OUN and UPA are part and parcel of Ukraine’s past. As such, they have to be included in Ukrainian history textbooks and Ukrainian public debate on how to understand Ukrainian history. My attitude towards Ukrainian history laws is skeptical. They favor OUN and UPA while at the same trying to disentangle the pasts of Ukraine and the Soviet Union. The OUN, UPA, and the Soviet Union all have played their roles in the Ukrainian past – for better and for worse. OUN and UPA have upheld the notion of Ukrainian nationhood and sovereignty and were instrumental in killing Jews in the Holocaust and Poles in the mass atrocities of 1943. The Soviet Union supported policies of Ukrainian nation-building in the 1920s, committed the horrendous mass crime of Holodomor in the 1930s, and established Ukraine’s borders in the 1940/50s, which signified Ukrainian territorial sovereignty in 1991. So when it comes to the OUN and the UPA and the Soviet Union as well, there are light and lots of shadows in both cases. Historians can submit them to academic research and hope that public debate will pay attention to historians’ findings. Finally, my view of the heroization of OUN and UPA is outrightly disapproving. I am aware that it is the Ukrainians’ decision whom to consider heroes and whom not. However, cherishing organizations and their members as heroes from which emerged collaborators in the Holocaust leaves me frustrated. Doing so, Ukrainian politics of history run the risk to trouble Ukrainian-German relations and to produce images that all those will use who try to misportray post-Maidan Ukraine as a fascist regime. However, viewed from an outside analytical point of view, it might come as no surprise that a country attacked by its neighbor develops very nationalistic policies of history, turning a blind eye on the dark side of its national movements in the past. In modern times, wars have always driven nationalization and radicalization.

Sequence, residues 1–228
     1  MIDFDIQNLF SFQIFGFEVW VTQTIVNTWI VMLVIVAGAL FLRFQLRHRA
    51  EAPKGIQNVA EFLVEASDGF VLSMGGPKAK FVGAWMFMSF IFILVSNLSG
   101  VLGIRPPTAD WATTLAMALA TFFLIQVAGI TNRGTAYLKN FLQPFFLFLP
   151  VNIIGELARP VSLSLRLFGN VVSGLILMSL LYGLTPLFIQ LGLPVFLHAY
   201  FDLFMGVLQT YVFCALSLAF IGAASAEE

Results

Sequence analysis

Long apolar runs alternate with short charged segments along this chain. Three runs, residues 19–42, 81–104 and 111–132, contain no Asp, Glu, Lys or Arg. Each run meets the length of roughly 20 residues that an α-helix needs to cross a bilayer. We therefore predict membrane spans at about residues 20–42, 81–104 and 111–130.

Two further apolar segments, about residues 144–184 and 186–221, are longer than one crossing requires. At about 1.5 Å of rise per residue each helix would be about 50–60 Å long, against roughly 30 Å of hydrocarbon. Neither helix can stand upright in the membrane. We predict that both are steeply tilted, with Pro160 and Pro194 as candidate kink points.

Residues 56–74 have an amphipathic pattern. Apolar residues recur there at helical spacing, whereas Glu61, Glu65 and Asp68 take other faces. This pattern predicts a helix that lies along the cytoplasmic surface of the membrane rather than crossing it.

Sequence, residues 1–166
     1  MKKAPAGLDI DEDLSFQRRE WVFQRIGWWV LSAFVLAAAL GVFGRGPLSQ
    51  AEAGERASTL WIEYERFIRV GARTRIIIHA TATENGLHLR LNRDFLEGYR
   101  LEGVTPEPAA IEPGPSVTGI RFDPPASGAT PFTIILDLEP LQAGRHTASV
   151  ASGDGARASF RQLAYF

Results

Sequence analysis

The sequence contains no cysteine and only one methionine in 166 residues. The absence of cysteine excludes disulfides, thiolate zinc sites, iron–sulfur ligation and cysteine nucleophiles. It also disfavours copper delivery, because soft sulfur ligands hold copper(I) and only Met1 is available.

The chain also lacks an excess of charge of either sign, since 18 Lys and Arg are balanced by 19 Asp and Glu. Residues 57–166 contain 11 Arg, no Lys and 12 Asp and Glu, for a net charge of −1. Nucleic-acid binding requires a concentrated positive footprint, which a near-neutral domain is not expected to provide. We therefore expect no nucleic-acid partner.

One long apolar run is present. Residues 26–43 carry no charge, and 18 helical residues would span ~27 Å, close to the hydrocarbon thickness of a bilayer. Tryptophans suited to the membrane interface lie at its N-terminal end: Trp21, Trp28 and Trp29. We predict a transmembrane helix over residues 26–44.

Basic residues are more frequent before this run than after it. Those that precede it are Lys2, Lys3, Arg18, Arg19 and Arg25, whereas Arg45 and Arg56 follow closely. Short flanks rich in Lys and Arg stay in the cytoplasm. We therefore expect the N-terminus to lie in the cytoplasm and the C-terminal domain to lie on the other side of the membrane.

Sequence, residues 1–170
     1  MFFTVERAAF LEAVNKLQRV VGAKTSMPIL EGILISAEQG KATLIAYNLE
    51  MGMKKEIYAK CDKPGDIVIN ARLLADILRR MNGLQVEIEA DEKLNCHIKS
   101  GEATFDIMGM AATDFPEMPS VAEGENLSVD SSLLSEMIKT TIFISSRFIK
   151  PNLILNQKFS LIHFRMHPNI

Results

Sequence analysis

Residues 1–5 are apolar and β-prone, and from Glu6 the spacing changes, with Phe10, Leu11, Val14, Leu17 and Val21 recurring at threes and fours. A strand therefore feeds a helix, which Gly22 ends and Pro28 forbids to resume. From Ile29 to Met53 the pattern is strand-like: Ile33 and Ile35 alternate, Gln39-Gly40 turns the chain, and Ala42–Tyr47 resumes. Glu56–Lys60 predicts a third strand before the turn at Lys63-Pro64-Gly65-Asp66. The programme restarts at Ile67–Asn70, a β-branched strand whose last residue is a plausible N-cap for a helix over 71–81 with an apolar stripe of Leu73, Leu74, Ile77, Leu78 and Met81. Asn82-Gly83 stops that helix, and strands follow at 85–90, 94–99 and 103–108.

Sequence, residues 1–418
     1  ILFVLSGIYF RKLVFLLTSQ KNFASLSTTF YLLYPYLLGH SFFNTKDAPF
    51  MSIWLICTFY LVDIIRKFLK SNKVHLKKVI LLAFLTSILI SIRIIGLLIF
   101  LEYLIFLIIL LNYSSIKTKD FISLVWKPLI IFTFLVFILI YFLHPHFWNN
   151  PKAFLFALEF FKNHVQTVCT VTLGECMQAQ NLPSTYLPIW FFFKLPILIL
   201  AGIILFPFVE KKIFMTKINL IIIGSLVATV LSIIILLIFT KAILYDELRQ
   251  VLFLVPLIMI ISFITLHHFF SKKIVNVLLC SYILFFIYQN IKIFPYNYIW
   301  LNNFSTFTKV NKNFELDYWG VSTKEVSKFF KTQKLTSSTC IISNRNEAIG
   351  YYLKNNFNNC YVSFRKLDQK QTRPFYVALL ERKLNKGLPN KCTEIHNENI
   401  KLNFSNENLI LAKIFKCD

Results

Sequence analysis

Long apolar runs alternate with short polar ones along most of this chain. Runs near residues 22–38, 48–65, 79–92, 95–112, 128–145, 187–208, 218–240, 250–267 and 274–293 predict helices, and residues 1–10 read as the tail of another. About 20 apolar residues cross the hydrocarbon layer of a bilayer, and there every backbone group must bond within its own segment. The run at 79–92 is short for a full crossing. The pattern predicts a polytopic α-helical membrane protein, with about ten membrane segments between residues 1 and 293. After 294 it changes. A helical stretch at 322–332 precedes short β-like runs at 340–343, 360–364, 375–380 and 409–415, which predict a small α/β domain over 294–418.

3. What memory politics should the Ukrainian government pursue? What lessons can Ukraine learn from its past to build a better future? What mistakes should it avoid?
That is ultimately the decision of the Ukrainian government in dialogue with Ukrainian society. Being a historian, I am fascinated with the diversity of languages and religions that are implicated in Ukraine’s past. Naive as it may sound, I still think that Ukraine’s past bears the potential to make Ukraine the Switzerland of the East in terms of uniting various languages, religions, and regions under the umbrella of Ukrainian citizenship. President Zelensky’s speech on New Year’s Eve seemed to go into that direction, highlighting unity in diversity. As far as I can see, the promising prospect of the Maidan is still unfulfilled: to replicate Ukrainian society’s pluralism in its political system.